October 1, 2022

COSFONE

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Android will no longer support 32-bit apps next year

3 min read

Android will no longer support 32-bit apps next year



 

Android will no longer support 32-bit apps next year.

Last week, Google officially released Android 13 and was the first to push the system update to Pixel devices, and other OEMs will follow this latest system and push updates to their devices later this year.

 

Android will no longer support 32-bit apps next year

 

Recently, Mishaal Rahman found an interesting commit in the Android 13 code repository – “Move tangor to 64-bit only”.

According to this commit, it seems that Google’s upcoming Pixel tablet will only support 64-bit Android apps.

 

Tangor is the codename for the Google Pixel tablet, which Google announced at its I/O conference in May this year, and will be officially on sale in 2023.

 

Android will no longer support 32-bit apps next year

 

In addition to finding that 32-bit apps are not supported on the Pixel tablets coming out next year, Mishaal Rahman also found another commit (above) that mentions that it won’t work on devices with Android U (Android 14) or higher.

Typeface for running 32-bit applications.

This commit also suggests that 64-bit-only support may become a regular feature on Android 14.

It also seems to convey that next year’s Pixel tablet is more of a first test to drop 32-bit apps early.

 

At present, the application ecosystem of Google Play is very complete in supporting 64-bit, and any application written entirely in Java or Kotlin has automatically obtained 64-bit compatibility from the system.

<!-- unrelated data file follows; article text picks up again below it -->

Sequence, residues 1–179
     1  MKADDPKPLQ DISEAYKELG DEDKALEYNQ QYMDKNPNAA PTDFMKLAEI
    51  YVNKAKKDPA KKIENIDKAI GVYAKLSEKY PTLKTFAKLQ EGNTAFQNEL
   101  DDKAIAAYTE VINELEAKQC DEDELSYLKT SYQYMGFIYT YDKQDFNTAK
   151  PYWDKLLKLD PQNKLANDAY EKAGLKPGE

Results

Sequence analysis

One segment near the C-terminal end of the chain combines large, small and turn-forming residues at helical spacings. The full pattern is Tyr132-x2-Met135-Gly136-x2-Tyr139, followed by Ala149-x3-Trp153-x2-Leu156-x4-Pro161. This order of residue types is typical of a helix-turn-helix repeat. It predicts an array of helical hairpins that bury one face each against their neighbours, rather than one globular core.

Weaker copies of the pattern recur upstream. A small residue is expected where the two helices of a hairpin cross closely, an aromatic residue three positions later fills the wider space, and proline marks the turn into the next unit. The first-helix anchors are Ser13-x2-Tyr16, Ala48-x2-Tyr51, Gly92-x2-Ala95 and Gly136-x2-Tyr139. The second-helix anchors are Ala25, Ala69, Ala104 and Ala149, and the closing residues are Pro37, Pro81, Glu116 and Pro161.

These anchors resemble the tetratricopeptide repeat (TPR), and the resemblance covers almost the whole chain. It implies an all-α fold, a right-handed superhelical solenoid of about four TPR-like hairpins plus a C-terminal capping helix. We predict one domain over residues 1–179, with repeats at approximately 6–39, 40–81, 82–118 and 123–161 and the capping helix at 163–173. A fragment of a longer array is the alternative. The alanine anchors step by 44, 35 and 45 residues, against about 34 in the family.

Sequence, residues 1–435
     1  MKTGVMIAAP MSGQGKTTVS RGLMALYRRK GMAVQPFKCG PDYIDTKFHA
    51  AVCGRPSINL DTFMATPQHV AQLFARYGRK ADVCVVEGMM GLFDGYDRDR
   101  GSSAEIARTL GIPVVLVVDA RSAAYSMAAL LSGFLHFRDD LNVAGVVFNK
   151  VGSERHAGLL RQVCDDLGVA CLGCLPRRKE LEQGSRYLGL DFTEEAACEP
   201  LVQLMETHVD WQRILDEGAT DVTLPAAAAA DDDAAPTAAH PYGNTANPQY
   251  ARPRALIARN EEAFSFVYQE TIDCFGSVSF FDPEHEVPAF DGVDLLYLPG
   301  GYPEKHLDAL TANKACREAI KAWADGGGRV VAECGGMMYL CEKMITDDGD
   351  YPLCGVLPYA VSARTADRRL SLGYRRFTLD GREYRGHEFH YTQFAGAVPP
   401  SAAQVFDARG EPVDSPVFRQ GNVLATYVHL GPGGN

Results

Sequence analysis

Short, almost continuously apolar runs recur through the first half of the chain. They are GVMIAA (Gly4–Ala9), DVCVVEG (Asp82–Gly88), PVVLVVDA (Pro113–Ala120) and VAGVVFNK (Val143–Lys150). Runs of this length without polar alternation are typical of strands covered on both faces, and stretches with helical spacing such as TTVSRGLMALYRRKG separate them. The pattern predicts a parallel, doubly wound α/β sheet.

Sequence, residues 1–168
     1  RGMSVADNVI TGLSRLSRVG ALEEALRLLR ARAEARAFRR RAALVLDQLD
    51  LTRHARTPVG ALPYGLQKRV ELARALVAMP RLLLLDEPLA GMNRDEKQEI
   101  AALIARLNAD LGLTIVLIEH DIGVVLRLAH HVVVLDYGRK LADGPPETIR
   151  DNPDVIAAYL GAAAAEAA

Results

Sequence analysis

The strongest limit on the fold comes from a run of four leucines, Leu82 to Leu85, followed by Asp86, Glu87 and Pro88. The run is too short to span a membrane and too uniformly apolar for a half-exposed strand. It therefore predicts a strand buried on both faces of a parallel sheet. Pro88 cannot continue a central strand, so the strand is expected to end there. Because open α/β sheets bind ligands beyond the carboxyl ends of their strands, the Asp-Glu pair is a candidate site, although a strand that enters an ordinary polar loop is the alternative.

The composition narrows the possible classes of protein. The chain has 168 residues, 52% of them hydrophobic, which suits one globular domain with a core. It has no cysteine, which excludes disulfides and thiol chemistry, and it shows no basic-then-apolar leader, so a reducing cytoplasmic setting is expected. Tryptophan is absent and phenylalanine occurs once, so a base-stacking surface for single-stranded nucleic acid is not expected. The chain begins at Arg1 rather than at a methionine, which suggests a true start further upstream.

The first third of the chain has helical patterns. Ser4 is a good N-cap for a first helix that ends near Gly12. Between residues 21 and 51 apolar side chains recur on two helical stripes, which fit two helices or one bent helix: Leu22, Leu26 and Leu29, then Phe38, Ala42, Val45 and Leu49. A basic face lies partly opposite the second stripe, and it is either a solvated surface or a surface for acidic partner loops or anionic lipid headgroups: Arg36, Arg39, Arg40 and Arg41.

And Google stipulated as early as 2019 that as long as natively developed applications are listed on Google Play, they need to provide 64-bit versions, so now all applications basically have 64-bit versions.

 

As for hardware, every SoC today also supports 64-bit applications, and some of these flagship SoCs are actually reducing their ability to run 32-bit code.

ARM, which dominates SoCs, also hopes that the 2023 flagship SoC design will completely drop support for 32-bit applications.

 

In contrast to Google’s competitors, since Apple controls the software and hardware of the iPhone/iPad, Apple can better manage the devices it manufactures, so the iPhone/iPad has only supported 64-bit applications since 2017.

 

Due to the particularity of the Chinese market, Google’s 64-bit application requirements only apply to applications in Google Play.

At present, there are still a large number of 32-bit applications in the domestic market that have not been eliminated, and even some applications still only support 32-bit, and are not optimized and compatible for 64-bit.

 



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